Musicians and Mental Health: Exploring the importance of safe spaces

One of the positives that came out of the COVID pandemic was a collective comfort with admitting that there is a national mental health crisis. The stigma associated with mental health issues is slowly getting peeled away and more people are openly discussing their struggles. Individuals are more apt to reach out for help. 988 (Suicide and Crisis Hotline) is averaging 300,000 calls/texts/chats a month since transitioning to their new, easier-to-remember number.

Musicians of all genres tend to be open about their mental health struggles. Lyrics act as a window to their mindset, often serving as a way to help digest their personal battles. As therapeutic as making music can be, some aspects provide added stress, ultimately becoming a detriment to a musician’s mental health.


While some bands have a garage or basement to practice in, that is not always the case due to space, location, and noise issues. There are a few local spaces for bands to rehearse, assuming the members can afford the rent. Jam Stage is available for hourly rentals while the Music Complex has monthly and hourly rentals. Musicians without a place to create may be left scrambling to find a way to let their ideas loose to the world.

“Having a place to go with other people to make music, hang out, watch bands play and create art helped people keep going,” says Rick Scianablo, former owner of Studio Blue, a now-defunct artist commune that provided a creative space for 15 years. Since Studio Blue’s closing, one former resident attempted suicide while another committed suicide. “Artists are damaged maniacs. They need a place to let it out and let it go to make it through the week.”

Not having a place to perform or rehearse can have a huge negative impact on a musician. Musicians thrive on creativity, with most working best with their band of peers. While band practices may be enhanced with substances, the use can increase with idle time.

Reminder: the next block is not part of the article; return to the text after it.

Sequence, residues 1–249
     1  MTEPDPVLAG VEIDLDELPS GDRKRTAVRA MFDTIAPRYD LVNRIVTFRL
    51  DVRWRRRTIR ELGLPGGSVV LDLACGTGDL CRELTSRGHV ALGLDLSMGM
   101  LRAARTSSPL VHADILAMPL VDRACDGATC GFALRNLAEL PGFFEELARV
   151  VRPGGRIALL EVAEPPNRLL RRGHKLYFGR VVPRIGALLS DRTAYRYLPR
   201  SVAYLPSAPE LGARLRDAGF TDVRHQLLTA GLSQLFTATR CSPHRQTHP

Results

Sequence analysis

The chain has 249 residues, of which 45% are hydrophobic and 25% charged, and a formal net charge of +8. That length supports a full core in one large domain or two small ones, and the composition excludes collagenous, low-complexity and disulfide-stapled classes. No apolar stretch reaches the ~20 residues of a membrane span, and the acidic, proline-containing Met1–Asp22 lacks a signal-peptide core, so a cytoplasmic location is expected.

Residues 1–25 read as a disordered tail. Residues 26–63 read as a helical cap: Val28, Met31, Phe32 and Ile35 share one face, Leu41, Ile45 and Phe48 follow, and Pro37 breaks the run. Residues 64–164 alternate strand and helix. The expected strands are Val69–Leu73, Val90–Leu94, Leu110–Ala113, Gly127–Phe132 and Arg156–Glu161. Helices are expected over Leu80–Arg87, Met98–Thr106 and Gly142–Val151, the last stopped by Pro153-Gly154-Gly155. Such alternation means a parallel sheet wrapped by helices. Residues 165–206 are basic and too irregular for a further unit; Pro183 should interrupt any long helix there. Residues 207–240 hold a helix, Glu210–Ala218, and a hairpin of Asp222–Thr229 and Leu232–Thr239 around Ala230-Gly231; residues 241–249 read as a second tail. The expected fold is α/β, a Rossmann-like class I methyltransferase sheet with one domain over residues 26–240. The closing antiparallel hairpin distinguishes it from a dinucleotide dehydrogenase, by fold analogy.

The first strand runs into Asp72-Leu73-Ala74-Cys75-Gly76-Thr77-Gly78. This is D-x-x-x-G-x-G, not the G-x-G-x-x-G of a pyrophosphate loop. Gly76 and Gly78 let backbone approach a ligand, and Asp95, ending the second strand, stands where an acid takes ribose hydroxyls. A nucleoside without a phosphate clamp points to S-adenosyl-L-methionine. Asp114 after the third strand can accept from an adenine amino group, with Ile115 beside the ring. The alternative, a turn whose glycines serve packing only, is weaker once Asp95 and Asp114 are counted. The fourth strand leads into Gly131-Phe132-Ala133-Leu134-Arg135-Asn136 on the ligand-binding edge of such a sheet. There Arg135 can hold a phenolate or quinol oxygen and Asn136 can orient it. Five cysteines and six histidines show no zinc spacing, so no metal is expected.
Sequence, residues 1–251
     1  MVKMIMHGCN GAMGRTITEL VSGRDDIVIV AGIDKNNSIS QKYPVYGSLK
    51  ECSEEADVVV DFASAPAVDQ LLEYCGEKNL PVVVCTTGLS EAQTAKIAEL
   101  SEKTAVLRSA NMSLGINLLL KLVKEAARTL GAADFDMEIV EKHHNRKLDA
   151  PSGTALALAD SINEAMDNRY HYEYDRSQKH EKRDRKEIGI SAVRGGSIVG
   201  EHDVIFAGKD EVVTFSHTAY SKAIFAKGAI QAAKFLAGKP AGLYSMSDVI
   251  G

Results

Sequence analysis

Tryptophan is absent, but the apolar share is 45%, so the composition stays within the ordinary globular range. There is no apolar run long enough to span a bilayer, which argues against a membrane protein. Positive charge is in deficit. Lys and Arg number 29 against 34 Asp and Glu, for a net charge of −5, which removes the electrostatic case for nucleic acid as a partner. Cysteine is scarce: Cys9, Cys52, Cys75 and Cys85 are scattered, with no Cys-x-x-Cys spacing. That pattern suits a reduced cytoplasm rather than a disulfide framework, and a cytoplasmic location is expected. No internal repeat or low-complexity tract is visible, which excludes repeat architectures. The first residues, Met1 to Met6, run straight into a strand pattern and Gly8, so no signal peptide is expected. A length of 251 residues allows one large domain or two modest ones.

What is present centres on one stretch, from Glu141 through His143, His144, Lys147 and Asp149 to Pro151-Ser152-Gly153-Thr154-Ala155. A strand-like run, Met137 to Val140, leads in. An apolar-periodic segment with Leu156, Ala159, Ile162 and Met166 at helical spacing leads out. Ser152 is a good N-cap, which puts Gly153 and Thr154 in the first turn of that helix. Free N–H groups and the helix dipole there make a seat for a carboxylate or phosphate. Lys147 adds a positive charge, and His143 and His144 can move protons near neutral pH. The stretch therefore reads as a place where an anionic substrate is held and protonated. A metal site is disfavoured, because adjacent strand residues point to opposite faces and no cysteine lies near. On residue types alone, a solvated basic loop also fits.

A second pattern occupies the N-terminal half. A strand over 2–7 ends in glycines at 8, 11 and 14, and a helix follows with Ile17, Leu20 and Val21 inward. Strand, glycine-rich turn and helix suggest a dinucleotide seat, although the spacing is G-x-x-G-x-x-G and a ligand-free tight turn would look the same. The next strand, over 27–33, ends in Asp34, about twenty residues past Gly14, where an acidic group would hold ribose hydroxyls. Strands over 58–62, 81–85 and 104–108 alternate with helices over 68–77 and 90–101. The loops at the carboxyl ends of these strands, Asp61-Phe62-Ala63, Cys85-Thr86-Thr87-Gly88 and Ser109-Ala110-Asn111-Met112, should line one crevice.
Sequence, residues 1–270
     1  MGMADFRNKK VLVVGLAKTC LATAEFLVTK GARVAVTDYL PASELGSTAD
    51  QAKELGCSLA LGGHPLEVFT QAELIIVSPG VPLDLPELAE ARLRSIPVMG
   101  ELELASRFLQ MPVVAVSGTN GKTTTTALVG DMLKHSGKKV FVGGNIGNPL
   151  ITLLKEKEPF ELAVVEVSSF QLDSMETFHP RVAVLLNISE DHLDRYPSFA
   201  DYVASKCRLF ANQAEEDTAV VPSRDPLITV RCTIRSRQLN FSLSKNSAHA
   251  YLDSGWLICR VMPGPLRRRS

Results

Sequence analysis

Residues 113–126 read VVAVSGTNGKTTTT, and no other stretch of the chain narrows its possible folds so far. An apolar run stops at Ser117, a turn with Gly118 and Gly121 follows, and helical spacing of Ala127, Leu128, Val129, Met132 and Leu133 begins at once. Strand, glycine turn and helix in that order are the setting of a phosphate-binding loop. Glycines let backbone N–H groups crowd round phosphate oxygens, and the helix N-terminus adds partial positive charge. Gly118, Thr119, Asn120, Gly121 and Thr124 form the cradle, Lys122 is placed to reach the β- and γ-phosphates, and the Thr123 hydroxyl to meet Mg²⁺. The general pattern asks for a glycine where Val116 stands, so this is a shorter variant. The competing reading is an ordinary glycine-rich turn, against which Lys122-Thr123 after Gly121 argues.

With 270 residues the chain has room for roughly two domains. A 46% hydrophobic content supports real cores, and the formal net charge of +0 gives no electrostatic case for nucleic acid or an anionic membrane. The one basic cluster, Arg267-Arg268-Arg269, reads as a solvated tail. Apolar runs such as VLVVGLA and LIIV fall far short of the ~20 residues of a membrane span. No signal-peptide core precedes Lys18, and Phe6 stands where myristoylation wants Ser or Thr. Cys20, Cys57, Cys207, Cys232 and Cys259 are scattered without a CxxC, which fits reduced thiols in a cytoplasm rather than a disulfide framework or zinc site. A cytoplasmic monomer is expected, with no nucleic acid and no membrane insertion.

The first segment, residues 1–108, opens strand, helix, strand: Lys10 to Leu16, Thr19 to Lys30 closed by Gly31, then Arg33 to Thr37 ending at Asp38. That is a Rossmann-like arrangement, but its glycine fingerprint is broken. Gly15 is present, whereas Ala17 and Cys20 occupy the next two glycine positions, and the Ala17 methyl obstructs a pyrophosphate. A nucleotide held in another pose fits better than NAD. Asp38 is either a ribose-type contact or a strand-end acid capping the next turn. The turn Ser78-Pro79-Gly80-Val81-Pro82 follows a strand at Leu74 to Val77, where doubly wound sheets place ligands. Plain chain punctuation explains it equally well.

“There are kids struggling to find a place to rehearse,” Scianablo adds. “The amount of time you can spend with idle hands and free time is dangerous.”

Musicians are generally night owls, with nights ending well past 2 am. This can be a difficult time to finish work – there aren’t a lot of options for things to do in the middle of the night. There is usually an abundance of energy with artists trying to chase the high from ‘Post Gig Syndrome’ (Don Culp discussed this in last month’s article). Not having a productive place to go due to the time of day can lead to people succumbing more easily to damaging vices.

“No one wants to do bad cocaine,” Scianablo says of the nightlife. “They want to stay up and hang out, but they’re exhausted from the day and want to stay up. We want to devise a solution so people don’t have to do drugs, or do less drugs.”

Scianablo expresses that his hope is for musicians of RI to come together and pool their resources to advocate and assist their peers in need. His idea is to form a committee with people, including politicians, that are business-minded and economically responsible, to help improve the mental health of musicians. He is currently looking for a location or unique way for musicians to hang out and be creative with each other either after hours or without having to go to a bar.

“There are kids struggling to find a place to go,” Scianablo adds. “Kids get bored and turn to drugs. You can’t do too many drugs if you have to play an instrument or do a project. The solution is to have a community place for people to go. Without it, we’re losing the artists of the present and potential artists of the future.”

“I’m trying to promote anything that gives people a chance to become and stay creative,” Scianablo concludes. “We need a more supportive community for everyone. We’re [people] fighting for the right to be who they are.”